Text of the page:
It is well-established that low socioeconomic status (SES) during childhood can negatively influence health throughout the adult years. Recent research published in Annals of Behavioral Medicine suggests attachment orientation may be a mediator of this phenomenon.
Low childhood SES has been linked to a wide range of health concerns in adulthood, from increased risk of heart disease to lower self-reported health, higher rates of infectious illnesses, such as the common cold, and even greater risk of premature death, according to a literature review in Annals of the New York Academy of Sciences.
“These associations are independent of traditional risk factors, such as poor health practices and a lack of access to medical resources,” says Sheldon Cohen, PhD, University Professor of Psychology at Carnegie Mellon University. “In most cases, they also withstand controls for adult SES, thus suggesting that childhood SES sets a health trajectory early in life and its association with adult health is not just attributable to low-SES children becoming low-SES adults.”
Although the evidence connecting low childhood SES and poor adult health is clear, the exact mechanisms by which childhood SES contributes to adult health are less certain.
“One explanation for these associations is that low-SES environments may alter biological systems early in life when the nervous, endocrine and immune systems are still plastic,” Cohen says. “These changes have permanent implications for disease susceptibility in adults.”
A 2013 study published in Brain, Behavior and Immunity found that adults who grew up in low-SES households in which parents did not own a home have shorter telomeres in their CD8+CD28- leukocyte cells. Telomere length in these cells is related to aging, and in younger, healthier adults, shorter telomere length may translate to a higher risk of infectious disease. The authors of the study concluded that telomere length may be a partial mediator for the higher rates of infectious disease observed in adults who grew up in low-SES homes. Other hypothesized mechanisms include decreased access to health care early in life.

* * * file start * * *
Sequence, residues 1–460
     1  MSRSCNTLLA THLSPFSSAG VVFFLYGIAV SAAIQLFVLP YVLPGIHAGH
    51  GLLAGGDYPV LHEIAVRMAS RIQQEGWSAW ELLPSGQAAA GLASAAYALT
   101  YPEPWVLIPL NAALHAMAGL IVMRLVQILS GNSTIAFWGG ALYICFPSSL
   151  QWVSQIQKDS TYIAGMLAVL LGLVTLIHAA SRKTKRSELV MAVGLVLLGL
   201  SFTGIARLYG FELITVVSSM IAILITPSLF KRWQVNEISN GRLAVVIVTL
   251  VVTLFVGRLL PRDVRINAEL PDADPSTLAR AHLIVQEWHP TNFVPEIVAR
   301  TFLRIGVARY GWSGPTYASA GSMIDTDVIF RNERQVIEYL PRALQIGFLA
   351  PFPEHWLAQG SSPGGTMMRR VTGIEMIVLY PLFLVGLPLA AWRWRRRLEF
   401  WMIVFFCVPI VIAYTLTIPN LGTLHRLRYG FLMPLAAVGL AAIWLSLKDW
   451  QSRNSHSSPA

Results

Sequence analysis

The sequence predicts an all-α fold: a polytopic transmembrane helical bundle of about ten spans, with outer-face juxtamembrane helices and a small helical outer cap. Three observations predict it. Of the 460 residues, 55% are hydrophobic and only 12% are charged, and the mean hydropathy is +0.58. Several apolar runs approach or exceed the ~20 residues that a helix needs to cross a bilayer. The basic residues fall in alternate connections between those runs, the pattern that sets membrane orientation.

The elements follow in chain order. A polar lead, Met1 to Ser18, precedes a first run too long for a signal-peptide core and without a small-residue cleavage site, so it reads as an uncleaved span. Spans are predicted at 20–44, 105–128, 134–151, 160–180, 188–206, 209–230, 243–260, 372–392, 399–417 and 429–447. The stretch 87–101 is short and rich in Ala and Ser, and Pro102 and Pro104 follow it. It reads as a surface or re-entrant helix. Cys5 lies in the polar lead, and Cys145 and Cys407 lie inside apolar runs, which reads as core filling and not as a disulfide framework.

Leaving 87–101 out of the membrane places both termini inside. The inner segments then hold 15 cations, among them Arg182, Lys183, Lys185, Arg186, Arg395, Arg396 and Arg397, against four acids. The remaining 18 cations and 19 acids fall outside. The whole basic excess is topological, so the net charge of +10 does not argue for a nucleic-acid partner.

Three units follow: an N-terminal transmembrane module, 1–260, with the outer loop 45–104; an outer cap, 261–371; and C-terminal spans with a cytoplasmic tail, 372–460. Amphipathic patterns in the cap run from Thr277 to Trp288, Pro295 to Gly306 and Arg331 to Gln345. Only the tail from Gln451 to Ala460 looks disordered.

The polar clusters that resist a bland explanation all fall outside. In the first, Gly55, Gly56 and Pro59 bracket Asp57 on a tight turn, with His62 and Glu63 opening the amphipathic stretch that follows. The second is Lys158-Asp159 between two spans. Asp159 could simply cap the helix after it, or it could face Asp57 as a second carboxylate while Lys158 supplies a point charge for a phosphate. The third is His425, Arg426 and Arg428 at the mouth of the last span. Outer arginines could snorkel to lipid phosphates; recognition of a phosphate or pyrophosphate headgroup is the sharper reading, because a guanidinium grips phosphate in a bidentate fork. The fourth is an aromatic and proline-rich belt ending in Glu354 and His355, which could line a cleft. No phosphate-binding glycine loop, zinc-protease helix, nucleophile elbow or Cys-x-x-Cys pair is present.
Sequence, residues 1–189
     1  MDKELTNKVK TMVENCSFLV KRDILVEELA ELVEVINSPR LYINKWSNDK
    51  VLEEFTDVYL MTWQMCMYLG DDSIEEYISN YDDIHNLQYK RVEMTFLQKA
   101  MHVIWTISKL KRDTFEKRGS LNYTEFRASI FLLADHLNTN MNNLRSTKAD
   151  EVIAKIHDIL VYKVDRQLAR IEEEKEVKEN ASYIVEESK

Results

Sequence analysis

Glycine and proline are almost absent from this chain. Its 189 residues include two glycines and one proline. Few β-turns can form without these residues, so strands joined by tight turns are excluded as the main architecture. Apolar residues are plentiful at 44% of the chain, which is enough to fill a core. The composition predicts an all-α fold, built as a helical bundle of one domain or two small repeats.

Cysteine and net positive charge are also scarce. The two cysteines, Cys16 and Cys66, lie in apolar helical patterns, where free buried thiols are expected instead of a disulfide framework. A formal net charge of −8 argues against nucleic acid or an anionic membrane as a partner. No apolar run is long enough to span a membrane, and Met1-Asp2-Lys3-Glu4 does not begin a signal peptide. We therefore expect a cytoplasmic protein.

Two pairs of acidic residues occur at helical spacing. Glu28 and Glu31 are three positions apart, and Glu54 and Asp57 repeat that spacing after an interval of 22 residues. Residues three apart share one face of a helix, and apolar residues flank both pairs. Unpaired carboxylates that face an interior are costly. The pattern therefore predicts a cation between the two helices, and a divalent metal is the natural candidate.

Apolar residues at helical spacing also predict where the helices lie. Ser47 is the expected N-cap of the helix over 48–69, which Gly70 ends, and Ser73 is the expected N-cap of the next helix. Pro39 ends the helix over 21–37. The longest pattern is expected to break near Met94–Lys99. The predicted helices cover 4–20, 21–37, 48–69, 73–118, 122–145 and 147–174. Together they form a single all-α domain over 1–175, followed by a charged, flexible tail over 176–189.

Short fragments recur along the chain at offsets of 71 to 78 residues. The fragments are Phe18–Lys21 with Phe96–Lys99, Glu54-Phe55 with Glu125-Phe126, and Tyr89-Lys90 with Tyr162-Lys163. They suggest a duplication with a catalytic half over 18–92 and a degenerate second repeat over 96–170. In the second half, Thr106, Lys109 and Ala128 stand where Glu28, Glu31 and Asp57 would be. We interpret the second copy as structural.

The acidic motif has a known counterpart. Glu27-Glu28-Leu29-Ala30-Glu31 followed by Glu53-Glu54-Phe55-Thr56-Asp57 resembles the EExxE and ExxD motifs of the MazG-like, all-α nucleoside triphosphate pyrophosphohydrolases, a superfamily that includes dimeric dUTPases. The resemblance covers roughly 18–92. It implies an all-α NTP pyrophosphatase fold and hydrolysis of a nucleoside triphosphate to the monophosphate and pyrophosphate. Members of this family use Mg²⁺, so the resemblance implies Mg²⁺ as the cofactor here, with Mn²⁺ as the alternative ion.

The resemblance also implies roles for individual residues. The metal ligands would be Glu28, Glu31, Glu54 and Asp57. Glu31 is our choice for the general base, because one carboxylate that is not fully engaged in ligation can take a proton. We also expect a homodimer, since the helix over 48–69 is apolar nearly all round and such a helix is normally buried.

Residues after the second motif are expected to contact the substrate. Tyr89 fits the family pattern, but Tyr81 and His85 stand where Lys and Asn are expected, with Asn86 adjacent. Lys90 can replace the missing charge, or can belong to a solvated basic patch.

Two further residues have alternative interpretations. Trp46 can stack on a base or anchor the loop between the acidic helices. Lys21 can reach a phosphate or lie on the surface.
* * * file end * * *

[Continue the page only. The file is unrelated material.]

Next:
The authors of the Annals of Behavioral Medicine study, however, believe the association may have another root: attachment orientation.
“Early experiences matter a lot. So, investing in early daycare, investing in helping parents who might not have the means to give quality care to their child because they’re working three jobs — that kind of stuff isn’t just important in the moment. It really affects people across the lifespan.”
— Christopher Fagundes, PhD, Assistant Professor of Psychology at Rice University and senior author of the Annals of Behavioral Medicine study
A decades-old theory developed by psychologists John Bowlby and Mary Ainsworth, attachment theory posits that the early bonds infants and toddlers form with caregivers are strong predictors of social and emotional growth and development, according to The Brookings Institution. The theory holds that children form either secure or insecure attachments with their caregivers. Insecure attachments can manifest as either attachment anxiety or attachment avoidance.
“Attachment anxiety represents the degree to which one fears abandonment, so someone high on attachment anxiety would worry that their partner or caregiver may leave them,” says Kyle Murdock, PhD, postdoctoral research fellow in psychology at Rice University and the study’s first author. “Attachment avoidance is the degree to which someone feels comfortable being close with other people. Someone high on attachment avoidance would feel very uncomfortable being close to someone. ... The general idea is, if you’re high on either or both of those dimensions, you are more likely to experience stress in your everyday life.”
Children in low-SES households are believed to form insecure attachments more frequently for a variety of reasons. For example, parents may work multiple jobs or longer hours and, thus, have less time to spend with their children. To determine the role attachment orientation may play in facilitating the relationship between low childhood SES and poor adult health, researchers from Rice University analyzed data from Pittsburgh Cold Study 3. Also known as The Common Cold Project, Pittsburgh Cold Study 3 obtained self-reported information about measures such as childhood SES and adult health from 213 healthy participants who live in the Pittsburgh area.
Study results supported earlier findings showing a direct link between low childhood SES and poor self-reported adult health. Adults whose childhood SES ranked in the bottom 25 percent had 65 percent poorer adult health regardless of their current SES. Beyond providing an additional layer of evidence for the SES-adult health association, the study found that attachment anxiety may be a partial mediator of this association. Low childhood SES was linked with higher levels of attachment anxiety, which is related to higher levels of stress throughout the lifespan. The higher respondents rated their stress levels, the poorer their overall self-reported health. This pathway was observed only for attachment anxiety.
“The important piece that this adds to the literature is that attachment orientation and, specifically, attachment anxiety may be one of the underlying mechanisms between socioeconomic status and poor health later in life,” Murdock says. “... Fear of abandonment and the stress associated with that could be driving [this] effect.”